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Hello everyone,

With the late harvest this year we have seen many STS combines in the area have cleaning fan issues. There seems to be a buildup of frozen material directly behind the front edge of the precleaner. As the precleaner shakes back and forth it pushes against this material buildup until it causes the housing to push into the cleaning fan, blowing everything up. This is true for all STS machines, including the S-series machines. The only way to see this buildup is to take out the sieve and chaffer and look under the shoe augers. Because of this our local dealer is drilling 2" inspection holes on the side of the machines to inspect and clean out the material.

Has anyone else seen this issue before and have any words of advice to fix the buildup problem? I would say that over half of the STS machines in our area have had this issue. Most of the time it takes out a lot of shrouds, the fan and possibly the sieves and costs up to $10,000 in repairs. If someone hears ticking in the fan they can catch it before the grenade goes off, but that doesn't happen very often.

I look forward to any insight on this.

Thank you!
 

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Hello everyone,

With the late harvest this year we have seen many STS combines in the area have cleaning fan issues. There seems to be a buildup of frozen material directly behind the front edge of the precleaner. As the precleaner shakes back and forth it pushes against this material buildup until it causes the housing to push into the cleaning fan, blowing everything up. This is true for all STS machines, including the S-series machines. The only way to see this buildup is to take out the sieve and chaffer and look under the shoe augers. Because of this our local dealer is drilling 2" inspection holes on the side of the machines to inspect and clean out the material.

Has anyone else seen this issue before and have any words of advice to fix the buildup problem? I would say that over half of the STS machines in our area have had this issue. Most of the time it takes out a lot of shrouds, the fan and possibly the sieves and costs up to $10,000 in repairs. If someone hears ticking in the fan they can catch it before the grenade goes off, but that doesn't happen very often.

I look forward to any insight on this.

Thank you!
Maybe this will help.

Solution Number: 86345
Solution Summary: Cleaning fan failures experienced while harvesting in wet freezing conditions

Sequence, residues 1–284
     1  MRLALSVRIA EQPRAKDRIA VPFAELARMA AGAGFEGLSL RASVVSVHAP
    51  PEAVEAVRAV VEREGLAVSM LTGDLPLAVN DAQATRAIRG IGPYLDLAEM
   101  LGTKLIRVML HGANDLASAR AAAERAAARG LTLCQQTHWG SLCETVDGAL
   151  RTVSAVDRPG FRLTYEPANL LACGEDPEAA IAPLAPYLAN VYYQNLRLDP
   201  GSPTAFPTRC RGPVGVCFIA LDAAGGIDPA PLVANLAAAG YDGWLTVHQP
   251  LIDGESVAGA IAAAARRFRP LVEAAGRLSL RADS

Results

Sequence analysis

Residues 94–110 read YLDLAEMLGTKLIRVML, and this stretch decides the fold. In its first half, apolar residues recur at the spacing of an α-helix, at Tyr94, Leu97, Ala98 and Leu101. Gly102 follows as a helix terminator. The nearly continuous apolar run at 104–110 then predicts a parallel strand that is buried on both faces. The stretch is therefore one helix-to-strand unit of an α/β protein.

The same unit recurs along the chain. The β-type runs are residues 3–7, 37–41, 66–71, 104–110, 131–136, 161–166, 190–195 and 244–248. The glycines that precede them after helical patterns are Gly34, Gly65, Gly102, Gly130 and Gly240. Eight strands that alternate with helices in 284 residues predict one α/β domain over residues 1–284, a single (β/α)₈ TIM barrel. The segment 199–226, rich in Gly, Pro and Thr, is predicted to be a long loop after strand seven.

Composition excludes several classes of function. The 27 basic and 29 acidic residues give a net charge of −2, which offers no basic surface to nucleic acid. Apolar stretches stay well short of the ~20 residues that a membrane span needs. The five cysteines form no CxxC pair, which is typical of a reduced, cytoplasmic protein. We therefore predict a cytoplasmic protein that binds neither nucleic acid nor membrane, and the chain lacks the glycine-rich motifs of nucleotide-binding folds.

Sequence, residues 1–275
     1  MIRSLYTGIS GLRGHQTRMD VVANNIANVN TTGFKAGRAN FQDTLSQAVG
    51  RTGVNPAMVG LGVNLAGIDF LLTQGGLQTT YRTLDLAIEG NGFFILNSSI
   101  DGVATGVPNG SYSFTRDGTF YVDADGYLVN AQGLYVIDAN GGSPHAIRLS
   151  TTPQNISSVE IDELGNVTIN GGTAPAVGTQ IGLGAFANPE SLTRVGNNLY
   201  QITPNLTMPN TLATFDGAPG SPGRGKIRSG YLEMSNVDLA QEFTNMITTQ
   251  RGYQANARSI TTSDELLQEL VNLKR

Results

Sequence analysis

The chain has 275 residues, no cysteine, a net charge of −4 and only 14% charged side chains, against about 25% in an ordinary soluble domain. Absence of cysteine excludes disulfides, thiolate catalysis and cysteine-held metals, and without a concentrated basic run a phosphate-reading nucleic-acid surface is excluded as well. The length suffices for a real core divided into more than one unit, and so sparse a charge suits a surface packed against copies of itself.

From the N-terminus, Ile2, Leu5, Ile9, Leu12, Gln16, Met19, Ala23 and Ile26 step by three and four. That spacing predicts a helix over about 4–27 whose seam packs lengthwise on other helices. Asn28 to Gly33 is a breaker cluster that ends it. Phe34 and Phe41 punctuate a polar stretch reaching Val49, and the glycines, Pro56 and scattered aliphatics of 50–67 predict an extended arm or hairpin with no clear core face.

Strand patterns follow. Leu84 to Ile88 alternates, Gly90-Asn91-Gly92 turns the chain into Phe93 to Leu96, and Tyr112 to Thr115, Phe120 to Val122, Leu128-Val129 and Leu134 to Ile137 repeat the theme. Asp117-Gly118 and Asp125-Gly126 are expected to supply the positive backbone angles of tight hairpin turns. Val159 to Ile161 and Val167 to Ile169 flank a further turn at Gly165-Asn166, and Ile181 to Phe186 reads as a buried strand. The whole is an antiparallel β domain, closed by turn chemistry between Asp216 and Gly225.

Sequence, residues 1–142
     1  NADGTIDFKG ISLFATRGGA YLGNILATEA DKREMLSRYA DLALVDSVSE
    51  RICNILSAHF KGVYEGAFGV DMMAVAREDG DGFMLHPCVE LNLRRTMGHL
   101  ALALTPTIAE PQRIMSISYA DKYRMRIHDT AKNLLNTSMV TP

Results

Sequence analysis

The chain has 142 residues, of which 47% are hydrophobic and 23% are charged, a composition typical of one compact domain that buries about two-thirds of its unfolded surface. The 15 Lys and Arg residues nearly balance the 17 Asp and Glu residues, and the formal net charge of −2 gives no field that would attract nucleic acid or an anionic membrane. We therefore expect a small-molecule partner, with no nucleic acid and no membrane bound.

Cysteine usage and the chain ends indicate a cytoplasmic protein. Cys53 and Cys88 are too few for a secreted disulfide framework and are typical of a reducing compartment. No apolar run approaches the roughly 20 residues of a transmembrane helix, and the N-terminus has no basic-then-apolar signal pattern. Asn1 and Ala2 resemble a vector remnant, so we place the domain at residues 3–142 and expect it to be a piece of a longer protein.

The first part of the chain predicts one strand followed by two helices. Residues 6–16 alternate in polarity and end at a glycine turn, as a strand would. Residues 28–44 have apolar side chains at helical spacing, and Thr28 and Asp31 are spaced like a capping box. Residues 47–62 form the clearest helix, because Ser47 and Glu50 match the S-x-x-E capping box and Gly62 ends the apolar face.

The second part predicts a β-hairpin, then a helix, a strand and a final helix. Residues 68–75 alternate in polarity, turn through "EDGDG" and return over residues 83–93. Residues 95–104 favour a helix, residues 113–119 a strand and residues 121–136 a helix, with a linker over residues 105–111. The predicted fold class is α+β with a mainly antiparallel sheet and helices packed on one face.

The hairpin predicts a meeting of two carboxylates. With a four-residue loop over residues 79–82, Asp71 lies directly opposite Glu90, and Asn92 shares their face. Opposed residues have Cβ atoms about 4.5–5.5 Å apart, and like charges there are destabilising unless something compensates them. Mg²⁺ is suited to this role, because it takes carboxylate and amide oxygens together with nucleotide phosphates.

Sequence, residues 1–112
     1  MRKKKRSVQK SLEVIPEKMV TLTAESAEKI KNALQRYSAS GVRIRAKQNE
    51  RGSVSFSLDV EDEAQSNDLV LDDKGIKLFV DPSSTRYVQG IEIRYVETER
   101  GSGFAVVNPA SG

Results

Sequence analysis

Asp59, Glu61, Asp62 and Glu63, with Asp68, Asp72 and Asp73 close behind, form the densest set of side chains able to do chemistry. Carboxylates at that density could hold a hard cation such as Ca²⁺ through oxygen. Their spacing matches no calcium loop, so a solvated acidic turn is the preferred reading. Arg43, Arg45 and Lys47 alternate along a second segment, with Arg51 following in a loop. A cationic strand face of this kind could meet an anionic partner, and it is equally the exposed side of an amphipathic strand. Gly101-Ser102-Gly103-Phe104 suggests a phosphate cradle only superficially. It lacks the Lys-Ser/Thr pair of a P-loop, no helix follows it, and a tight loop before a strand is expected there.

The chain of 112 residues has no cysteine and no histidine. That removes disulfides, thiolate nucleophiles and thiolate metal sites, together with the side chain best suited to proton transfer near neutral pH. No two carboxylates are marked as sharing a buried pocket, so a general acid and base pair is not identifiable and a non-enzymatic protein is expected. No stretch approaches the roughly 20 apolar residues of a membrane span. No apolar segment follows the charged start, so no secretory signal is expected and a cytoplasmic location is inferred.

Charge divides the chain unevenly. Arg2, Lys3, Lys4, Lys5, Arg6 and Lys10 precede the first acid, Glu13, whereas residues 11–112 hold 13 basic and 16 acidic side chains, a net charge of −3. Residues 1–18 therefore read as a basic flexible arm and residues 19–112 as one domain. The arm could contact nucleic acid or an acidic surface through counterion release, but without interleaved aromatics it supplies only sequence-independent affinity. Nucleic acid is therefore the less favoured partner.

Publication Date: Apr 12 2010
**Paper copies of solutions may not be the most current solutions**
Complaint or Symptom :

Cleaning fan failures experienced while harvesting in wet freezing conditions.
Problem or Situation :

Snow and wet crop will build up in front of the cleaning shoe and compress till the housing begins to deform. Once the area is deformed enough, contact with the fan will occur. The problem is worsened because the seals are stiff in these cold conditions.
Solution :

It is recommended to avoid harvesting in freezing/wet conditions.
The following recommendations will not prevent failure, but have been seen to limit material accumulation and the extent of consequential damage that may occur.86345_1.pdf
In addition to these recommendations it is suggested to frequently check for material accumulation/packing.
Additional Information :

Failures related to harvesting in wet/freezing conditions are not considered warrantable failures.
S685, S690 Hillmaster, S690, 9870STS, 9770STS, S680, S560, 9670STS, S670, 9570STS, S550, S660, S650


The PDF slides are below.
 

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Open the left rear gullwing door while harvesting. This allows the hot air from the engine to exit the machine instead on being drawn in the cleaning fan and making the situation worse. Honestly, park the combine until is it well below freezing. It's amazing how well corn and sunflowers just blow through a machine when they are brittle from the cold. We have lots of experience around here (southeast Manitoba) harvesting in winter and you will not see many machines working when the temp hovers around freezing. Most will wait for colder weather.
 
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